How Big Island Musicians Are Handling Isolation During The Pandemic – Part Three

0

In the third edition of this series, we’ll hear from Big Island musicians, like Trever Veilleux, Scott Reagan, and Uma Ojeda, and see how they’ve kept their creative energy flowing during the COVID-19 pandemic.

U.H. Hilo’s musical director Trever Veilleux’s annual Big Island Zappa Tribute concerts have received global recognition as well as accolades from Zappa family members. In a sense, these shows have put Hilo on the map of places that pay tribute to the avant-garde rock musician. Veilleux is also a talented guitarist who, before the pandemic, could often be seen playing at the Hilo Town Tavern with several local musicians.

Trever Veilleux (Photo: Steve Roby)

How are you spending your creative time during this pandemic?

I am happy to announce that I’ve just finished the final mixes on a new Professor T and the East Side Shredders E.P. titled Ratshit Weasels. It’s a power trio record with Zach Var on drums, Jesse Shaternick on bass, and myself on guitar and vocals. Gardner De Aguiar did the cover art, and we are currently working on a music video for the title track with director Derek Frey. 

In addition to that, I’ve been busy writing songs and recording demos for a new album. I’ve been having fun playing around with a vintage 4-track cassette recorder I picked up second hand at Roger’s Guitars. 

Do you have any plans to release new material, and will there be any COVID-related songs?

The Ratshit Weasels EP should be coming out sometime this summer. Those songs were mostly written before COVID-19, but they include some of my most political lyrics yet, and because of the way this pandemic has been politicized I feel that the songs are applicable.

Additionally, I recently released demo versions of a couple of new songs on my Facebook page.  One of the songs, called “That’s How We Win,” was inspired in part by the stable geniuses that say having to wear a mask in Costco is tyranny while 100,000 Americans have drowned in their own fluids. You can check out these new songs on our YouTube channel.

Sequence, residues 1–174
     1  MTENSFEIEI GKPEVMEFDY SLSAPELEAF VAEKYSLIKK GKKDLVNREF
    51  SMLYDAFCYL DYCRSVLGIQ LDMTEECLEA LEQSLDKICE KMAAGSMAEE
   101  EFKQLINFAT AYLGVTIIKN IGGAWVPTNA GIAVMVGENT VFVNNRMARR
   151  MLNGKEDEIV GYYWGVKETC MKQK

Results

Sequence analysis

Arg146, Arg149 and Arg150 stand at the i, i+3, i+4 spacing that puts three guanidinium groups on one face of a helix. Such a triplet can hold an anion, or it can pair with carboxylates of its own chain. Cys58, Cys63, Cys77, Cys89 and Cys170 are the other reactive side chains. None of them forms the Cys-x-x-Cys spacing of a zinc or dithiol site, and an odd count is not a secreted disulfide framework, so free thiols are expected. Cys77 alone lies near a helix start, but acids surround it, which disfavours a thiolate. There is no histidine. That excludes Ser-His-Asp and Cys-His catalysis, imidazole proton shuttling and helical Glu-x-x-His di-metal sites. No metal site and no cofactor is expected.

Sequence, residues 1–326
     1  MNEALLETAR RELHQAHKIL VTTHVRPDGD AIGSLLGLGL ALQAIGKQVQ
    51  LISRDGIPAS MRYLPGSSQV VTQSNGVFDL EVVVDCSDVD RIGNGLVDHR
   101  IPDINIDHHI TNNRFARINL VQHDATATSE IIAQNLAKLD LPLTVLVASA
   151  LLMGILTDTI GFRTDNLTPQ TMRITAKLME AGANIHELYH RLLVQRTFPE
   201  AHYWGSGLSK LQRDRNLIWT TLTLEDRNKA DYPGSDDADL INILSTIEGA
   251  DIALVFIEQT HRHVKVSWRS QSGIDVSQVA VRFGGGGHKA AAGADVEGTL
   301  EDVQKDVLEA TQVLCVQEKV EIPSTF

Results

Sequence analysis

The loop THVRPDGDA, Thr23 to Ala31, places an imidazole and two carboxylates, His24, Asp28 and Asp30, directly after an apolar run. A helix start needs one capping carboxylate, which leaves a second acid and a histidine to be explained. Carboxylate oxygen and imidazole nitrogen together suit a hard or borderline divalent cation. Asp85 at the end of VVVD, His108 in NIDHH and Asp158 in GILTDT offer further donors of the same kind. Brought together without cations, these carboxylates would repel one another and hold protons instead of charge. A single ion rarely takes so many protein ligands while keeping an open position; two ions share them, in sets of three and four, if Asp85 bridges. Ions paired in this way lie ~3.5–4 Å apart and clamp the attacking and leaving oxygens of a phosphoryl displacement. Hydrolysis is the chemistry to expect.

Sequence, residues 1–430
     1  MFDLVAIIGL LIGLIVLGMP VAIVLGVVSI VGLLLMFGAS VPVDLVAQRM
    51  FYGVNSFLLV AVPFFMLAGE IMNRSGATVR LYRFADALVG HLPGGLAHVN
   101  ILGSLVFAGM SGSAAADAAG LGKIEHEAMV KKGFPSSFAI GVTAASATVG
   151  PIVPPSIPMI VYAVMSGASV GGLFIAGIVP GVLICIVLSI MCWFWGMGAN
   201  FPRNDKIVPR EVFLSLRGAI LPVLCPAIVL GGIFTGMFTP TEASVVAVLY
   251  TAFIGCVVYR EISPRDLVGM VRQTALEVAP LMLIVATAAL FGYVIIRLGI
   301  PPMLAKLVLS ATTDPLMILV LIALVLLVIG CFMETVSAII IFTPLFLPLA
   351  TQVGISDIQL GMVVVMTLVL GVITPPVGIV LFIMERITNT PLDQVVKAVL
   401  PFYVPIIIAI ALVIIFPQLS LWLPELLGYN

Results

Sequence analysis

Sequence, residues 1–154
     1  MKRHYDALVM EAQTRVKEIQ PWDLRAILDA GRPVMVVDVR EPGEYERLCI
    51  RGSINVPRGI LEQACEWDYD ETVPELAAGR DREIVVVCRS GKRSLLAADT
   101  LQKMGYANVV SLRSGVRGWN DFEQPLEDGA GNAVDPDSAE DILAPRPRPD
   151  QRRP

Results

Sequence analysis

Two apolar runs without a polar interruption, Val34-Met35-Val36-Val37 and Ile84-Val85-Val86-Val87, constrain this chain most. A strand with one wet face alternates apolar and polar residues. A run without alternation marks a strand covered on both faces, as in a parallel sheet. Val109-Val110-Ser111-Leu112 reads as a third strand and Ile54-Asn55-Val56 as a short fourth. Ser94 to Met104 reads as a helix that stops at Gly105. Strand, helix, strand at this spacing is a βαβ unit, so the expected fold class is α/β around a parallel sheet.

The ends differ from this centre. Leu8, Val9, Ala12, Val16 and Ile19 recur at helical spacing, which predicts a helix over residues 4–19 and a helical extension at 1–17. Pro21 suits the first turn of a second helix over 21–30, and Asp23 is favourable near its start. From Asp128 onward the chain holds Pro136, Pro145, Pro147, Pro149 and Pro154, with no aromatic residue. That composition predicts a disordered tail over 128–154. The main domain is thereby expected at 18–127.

How are you connecting digitally with your audience?

I’m mainly using Facebook to stay connected. I’ve been uploading videos of live acoustic performances. I haven’t done a Facebook Live session yet, but I might. My main instrument is lead guitar and that requires a band, so social distancing makes things a little difficult. 

How has the pandemic affected your livelihood?

I’m fortunate because I still have my day job. I am worried for my friends who play music for a living.

What do you anticipate the future of performing might be like in the near and long term?

I think eventually things will go back to the way they were in the before time. Until then we can keep enjoying and supporting what musicians of all levels are putting out on the net. Thank you to Big Island Music Magazine for helping with that endeavor!

Scott Reagan is the lead singer for Bottle of Blue, Hawaii’s premier rock ‘n roll band. Pre-COVID-19, you could catch them most weekends and some Wednesdays at Kona Brew Pub, Laverne’s, and Huggo’s on the Rocks plus an occasional venue in Waikoloa, Hawi or Ocean View.

Scott Reagan (Photo: Steve Roby)

How are you spending your creative time during this pandemic?